Originally published October 20, 2005:
Any words of wisdom on spouses who claim to be GGG, but make it clear that they aren't "into it" even as they fulfill their lovers' fantasies?
My wife always prefaces fetish sex play with a statement that makes it clear that she is doing so only grudgingly: "I really don't feel very creative right now, but here goes..." "This isn't what I really like, but okay..." The result? Either aborted sex play or sex play that highlights the fact that only one of us is taking any pleasure in it. (As every fetishist knows, the other party taking open or tacit pleasure in indulging the fetish is an important element in fulfilling almost every conceivable fantasy). Is it passive-aggressive revenge? Hostility toward me generally? A self-conscious person needing to relieve some anxiety, clumsily but not hostilely expressed?
Whole-Hearted, Interested Participation Means Everything
My response after the jump...
I strive to be fair and balanced, WHIPME, but lately some Savage Love readers have accused me—me!—of gender discrimination. It's no coincidence that I tend to come down on the pro-fetish and fantasy-realization side in most disputes, my critics contend, because men are likelier to be fetishists. I'm just another voice out there telling women there's something wrong with them if they don't cater to a man's every whim.
This criticism is wholly without merit. In my defense I would point to the countless times I've advised straight men—ordered them!—to: eat pussy joyfully and frequently; happily incorporate their women's vibrators into the action; wear strap-ons if their dicks are small and their women occasionally long for that "filled up" feeling. Shit, I've all but offered to come over and hold down straight boys who were reluctant to submit to the aspiring peggers in their lives. Gender bias? As noted feminist Mary Poppins once said: Pish-fucking-posh, beyotch.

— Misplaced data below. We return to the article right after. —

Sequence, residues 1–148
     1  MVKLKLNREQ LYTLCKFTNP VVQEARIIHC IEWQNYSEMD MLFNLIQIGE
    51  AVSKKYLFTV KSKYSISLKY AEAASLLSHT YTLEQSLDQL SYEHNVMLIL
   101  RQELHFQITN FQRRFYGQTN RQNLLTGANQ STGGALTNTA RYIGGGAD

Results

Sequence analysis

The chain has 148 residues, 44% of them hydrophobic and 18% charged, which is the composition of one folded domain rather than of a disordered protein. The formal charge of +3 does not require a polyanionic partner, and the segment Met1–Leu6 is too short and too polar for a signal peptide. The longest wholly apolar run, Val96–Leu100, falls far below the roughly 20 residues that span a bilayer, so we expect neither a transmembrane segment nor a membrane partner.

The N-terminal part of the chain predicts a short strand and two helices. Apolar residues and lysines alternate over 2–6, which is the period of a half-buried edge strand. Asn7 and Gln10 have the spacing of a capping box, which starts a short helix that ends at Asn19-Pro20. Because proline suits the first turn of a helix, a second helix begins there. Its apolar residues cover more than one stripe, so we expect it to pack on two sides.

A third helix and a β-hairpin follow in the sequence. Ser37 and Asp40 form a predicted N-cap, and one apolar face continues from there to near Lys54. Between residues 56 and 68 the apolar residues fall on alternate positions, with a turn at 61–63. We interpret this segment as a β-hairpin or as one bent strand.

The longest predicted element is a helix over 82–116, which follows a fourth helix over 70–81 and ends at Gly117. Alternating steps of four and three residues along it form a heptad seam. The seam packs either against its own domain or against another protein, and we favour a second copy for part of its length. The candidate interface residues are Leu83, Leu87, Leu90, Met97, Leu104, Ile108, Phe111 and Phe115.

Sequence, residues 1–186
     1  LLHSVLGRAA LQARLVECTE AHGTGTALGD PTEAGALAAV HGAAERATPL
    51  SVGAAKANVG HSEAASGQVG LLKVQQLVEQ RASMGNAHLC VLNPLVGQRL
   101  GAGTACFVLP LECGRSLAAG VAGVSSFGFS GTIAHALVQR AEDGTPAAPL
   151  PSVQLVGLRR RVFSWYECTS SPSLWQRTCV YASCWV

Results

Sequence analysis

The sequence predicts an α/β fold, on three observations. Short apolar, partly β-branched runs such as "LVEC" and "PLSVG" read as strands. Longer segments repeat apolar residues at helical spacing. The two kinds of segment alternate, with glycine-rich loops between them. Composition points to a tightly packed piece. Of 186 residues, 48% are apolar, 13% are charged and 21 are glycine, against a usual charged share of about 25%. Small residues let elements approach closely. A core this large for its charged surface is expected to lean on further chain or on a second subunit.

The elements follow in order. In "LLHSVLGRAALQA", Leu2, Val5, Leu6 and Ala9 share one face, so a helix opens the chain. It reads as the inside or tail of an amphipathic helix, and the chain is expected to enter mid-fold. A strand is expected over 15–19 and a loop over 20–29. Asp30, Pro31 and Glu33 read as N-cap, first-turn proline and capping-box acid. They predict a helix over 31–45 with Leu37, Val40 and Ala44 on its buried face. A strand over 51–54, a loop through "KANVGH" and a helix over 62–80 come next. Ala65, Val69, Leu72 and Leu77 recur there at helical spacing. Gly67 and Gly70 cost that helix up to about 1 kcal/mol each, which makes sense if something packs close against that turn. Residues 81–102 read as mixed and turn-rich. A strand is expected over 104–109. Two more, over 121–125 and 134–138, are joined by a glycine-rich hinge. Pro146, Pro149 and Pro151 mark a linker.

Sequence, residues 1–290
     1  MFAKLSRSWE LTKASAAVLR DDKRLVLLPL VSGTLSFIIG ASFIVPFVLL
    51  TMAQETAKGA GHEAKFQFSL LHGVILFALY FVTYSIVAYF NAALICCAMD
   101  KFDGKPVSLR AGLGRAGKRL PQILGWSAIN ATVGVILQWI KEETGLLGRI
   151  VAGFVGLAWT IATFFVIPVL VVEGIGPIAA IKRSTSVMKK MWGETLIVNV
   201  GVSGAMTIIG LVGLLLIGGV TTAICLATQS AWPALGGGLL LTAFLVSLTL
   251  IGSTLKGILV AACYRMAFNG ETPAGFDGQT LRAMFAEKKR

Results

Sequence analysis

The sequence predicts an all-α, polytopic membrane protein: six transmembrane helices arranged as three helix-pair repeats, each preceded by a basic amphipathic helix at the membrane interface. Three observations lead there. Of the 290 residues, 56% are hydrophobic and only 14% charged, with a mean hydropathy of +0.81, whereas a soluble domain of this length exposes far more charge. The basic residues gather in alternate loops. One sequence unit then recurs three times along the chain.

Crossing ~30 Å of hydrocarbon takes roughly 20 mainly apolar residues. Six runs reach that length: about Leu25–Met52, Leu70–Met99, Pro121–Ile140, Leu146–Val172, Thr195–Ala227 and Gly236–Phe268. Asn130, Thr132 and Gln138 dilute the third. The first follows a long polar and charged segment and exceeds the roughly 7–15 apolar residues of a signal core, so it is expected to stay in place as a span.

But to prove that my pro-fantasy-realization stance has nothing to do with my dick, I've asked Midori—famous sex educator, author, feminist, and full-fledged, lifelong female—to grab the Savage Love reins for a week.
"Does she use guilt-tripping and passive-aggressive statements at other times?" Midori asked after she read your letter, WHIPME. "The same statement can come from a person who feels they lack technical confidence or a person who harbors resentment. If it's passive-aggressive behavior, you have more issues around basic communication than you do around your fetishes. Perhaps a couples counselor?"
If she's not passive-aggressive—and you'll have to ask the wife to determine that—what does Midori recommend?
"The next time she says she's not feeling creative, smile and tell her how much you enjoy what she has done and you enjoy her gift to you. The next time she says 'this isn't really what I like, but okay...' ask her what she'd like and figure out how to combine both your needs. Maybe she's feeling that her needs are not met and hasn't been able to express that. I have seen many eager fetishists focus so much on their own fantasy fulfillment that they leave their partner feeling unheard. After a while, feeling unheard can lead to seething resentment."
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